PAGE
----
As part of the many efforts to bolster Africa’s growing economy, British Prime Minister Theresa May is visiting the most populous black nation, Kenya and South Africa this week.
In line with a statement released by the government of the United Kingdom, May will be meeting with President Muhammadu Buhari in Abuja and also spend some time in Lagos, where she is expected to visit victims of modern slavery.
This visit is being facilitated by UK’s recent move towards Brexit, seeking to invest in and synergise with African nations, with hope to realise mutual benefits. As one of the expected highlights of the trip, May is being accompanied by a business delegation comprising 29 UK business representatives, half of which will be Small and Medium Enterprises (SMEs) from across all regions in the United Kingdom and her devoted administrations.
The statement by the UK government further divulges that the Primes Minister’s central message will focus on renewing collaboration between the UK and Africa- the first step in the many on the quest to maximising shared opportunities and tackling common challenges in a rapidly growing continent – from the Sahara to South Africa.
“As Africa seeks to meet the needs of its growing population, the visit will as well emphasise that it is in the world’s interest to help secure African stability, jobs and growth”, the statement informed. This view stands because poor work prospects and economic stability will continue to encourage migration and dangerous journeys to Europe.
For the fact that nations cannot thrive in the absence of security, Theresa May, during this visit, will be announcing further support tailored to tackle instability across the region. The Prime Minister expressed her excitement and pride to be the leader of a historic delegation to Africa, disclosing her delight over being the first British Prime Minister to visit Kenya in 30 years.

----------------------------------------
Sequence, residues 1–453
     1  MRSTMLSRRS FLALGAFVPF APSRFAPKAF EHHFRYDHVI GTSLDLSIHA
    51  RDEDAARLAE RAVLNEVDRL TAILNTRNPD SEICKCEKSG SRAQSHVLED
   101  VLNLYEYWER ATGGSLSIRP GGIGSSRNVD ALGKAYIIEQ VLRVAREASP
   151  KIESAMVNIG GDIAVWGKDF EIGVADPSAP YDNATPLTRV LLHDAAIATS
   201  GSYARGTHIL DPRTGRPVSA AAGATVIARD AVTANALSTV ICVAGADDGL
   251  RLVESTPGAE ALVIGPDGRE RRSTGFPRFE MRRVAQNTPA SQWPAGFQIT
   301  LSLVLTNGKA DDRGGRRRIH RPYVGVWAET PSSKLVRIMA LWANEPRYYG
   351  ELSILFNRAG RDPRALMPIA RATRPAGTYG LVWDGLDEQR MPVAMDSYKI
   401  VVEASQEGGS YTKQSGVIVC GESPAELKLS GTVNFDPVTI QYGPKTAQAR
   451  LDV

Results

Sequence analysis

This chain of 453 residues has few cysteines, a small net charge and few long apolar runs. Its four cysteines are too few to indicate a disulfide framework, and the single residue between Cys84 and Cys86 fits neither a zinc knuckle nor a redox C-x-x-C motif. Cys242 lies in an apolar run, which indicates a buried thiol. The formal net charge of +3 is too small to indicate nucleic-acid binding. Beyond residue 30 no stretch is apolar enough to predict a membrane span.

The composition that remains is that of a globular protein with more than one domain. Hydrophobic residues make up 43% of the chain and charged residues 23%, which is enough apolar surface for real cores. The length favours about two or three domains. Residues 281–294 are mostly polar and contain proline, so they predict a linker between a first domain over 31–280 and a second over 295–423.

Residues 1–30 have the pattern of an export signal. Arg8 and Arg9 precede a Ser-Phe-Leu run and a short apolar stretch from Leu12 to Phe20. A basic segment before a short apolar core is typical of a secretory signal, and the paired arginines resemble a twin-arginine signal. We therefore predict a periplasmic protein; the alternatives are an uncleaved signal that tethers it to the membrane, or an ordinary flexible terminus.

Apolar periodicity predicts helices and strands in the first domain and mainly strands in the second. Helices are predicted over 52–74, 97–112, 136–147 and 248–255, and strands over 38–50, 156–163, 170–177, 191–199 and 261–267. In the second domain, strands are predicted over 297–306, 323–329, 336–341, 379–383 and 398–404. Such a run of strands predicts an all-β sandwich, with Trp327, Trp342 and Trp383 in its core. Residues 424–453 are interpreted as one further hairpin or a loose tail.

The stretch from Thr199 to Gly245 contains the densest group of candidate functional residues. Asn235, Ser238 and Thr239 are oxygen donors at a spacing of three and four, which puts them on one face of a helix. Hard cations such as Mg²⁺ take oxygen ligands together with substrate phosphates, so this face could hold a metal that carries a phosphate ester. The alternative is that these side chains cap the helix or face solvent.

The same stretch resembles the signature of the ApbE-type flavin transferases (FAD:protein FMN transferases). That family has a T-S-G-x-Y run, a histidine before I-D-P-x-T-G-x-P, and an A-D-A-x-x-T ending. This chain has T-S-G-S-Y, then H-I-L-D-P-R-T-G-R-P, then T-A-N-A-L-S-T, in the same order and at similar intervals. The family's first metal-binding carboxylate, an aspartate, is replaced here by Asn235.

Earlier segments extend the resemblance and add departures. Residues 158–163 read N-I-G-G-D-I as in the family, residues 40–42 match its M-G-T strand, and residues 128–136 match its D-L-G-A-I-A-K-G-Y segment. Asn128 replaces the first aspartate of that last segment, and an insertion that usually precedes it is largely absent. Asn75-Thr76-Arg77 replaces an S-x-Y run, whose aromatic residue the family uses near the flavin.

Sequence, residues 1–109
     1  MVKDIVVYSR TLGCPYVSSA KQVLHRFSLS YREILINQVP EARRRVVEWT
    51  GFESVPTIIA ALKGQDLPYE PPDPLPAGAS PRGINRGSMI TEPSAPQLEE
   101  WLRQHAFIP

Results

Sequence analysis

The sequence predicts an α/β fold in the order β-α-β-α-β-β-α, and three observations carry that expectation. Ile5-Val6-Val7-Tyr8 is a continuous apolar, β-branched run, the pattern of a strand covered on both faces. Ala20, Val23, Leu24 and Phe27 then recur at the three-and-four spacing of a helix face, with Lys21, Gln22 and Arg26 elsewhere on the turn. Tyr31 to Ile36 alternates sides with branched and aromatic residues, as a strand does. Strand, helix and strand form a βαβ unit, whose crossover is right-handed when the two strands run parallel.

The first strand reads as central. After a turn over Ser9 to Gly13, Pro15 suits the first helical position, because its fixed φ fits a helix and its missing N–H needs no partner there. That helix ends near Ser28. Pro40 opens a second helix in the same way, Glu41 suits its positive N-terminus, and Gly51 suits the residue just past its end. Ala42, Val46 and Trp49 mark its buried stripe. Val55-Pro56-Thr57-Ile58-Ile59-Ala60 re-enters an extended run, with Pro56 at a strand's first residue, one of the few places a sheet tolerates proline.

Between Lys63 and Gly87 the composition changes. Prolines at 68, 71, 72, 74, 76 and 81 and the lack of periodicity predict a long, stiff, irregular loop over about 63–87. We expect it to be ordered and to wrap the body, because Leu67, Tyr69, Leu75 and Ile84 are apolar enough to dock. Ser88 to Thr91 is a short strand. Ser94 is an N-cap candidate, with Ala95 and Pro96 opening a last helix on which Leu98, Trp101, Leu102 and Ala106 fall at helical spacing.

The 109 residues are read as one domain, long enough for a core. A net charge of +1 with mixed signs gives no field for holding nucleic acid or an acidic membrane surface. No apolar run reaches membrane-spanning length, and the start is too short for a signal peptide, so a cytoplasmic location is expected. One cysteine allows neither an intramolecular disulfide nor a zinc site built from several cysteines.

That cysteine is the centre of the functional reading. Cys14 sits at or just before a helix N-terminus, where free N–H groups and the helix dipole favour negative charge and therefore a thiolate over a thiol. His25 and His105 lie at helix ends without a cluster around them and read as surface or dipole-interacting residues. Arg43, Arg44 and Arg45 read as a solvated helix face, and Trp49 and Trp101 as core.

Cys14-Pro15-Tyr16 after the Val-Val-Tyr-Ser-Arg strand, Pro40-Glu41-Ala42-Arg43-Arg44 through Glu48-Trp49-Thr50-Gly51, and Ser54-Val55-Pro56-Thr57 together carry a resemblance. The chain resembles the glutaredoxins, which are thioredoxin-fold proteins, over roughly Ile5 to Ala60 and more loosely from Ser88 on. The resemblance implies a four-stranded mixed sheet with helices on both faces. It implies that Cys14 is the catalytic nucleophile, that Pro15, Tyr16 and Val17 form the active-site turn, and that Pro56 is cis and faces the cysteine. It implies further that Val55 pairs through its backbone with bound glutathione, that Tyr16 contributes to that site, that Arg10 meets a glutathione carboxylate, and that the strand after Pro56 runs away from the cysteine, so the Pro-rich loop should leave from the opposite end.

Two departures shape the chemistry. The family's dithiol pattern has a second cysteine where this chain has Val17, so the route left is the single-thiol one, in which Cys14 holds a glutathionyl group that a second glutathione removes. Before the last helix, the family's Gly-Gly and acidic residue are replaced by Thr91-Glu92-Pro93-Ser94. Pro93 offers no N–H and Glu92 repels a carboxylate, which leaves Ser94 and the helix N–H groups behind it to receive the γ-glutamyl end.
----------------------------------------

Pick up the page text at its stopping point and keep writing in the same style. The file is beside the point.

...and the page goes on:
May was quoted to have said that Africa stands at the very top of the cusp of playing a transformative role in the global economy and that as longstanding partners, the trip is a unique avenue at a unique time for the UK to set our ambition to work even closer together.
According to her: “ A more prosperous, growing and trading Africa in all of our interests and its incredible potential will only come to reality if there are concerted efforts between governments, global institutions and business”.
“As we are set to leave the European Union, now is time for the United Kingdom to deepen and strengthen its global partnerships. This week I am looking forward to discussing how we can do that alongside Africa to help in the delivery of important investment jobs, as well as continue to work together to maintain stability and security”, she said.
News reaching the ecosystem as of now informs that Theresa May has landed in South Africa’s legislative capital on board the RAF Voyager following a 12-hour flight. She is expected to declare her desire for the UNK to get in front of the US to become the G7’s leading investor in Africa by 2022. Set to speak at the First National Bank in Cape Town, she is expected to say the private sector is key in driving growth in labour markets and unleashing the entrepreneurial spirit in Africa.
Image Courtesy: Daily Express
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